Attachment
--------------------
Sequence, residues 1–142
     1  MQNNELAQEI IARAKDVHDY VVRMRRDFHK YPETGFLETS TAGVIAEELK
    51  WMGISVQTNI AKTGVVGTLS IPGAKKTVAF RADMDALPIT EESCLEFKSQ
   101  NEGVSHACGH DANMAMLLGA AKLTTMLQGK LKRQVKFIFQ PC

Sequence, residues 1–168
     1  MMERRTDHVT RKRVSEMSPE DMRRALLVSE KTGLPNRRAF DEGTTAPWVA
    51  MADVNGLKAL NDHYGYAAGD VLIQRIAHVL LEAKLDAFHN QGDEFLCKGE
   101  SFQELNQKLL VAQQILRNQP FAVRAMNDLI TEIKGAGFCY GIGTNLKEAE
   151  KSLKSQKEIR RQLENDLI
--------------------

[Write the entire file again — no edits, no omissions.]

Sequence, residues 1–142
     1  MQNNELAQEI IARAKDVHDY VVRMRRDFHK YPETGFLETS TAGVIAEELK
    51  WMGISVQTNI AKTGVVGTLS IPGAKKTVAF RADMDALPIT EESCLEFKSQ
   101  NEGVSHACGH DANMAMLLGA AKLTTMLQGK LKRQVKFIFQ PC

Sequence, residues 1–168
     1  MMERRTDHVT RKRVSEMSPE DMRRALLVSE KTGLPNRRAF DEGTTAPWVA
    51  MADVNGLKAL NDHYGYAAGD VLIQRIAHVL LEAKLDAFHN QGDEFLCKGE
   101  SFQELNQKLL VAQQILRNQP FAVRAMNDLI TEIKGAGFCY GIGTNLKEAE
   151  KSLKSQKEIR RQLENDLI